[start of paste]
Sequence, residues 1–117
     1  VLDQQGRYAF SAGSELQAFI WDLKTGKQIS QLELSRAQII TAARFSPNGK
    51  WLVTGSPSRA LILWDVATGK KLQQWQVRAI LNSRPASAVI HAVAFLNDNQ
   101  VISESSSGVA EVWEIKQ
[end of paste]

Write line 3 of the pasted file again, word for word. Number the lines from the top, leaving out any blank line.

    51  WLVTGSPSRA LILWDVATGK KLQQWQVRAI LNSRPASAVI HAVAFLNDNQ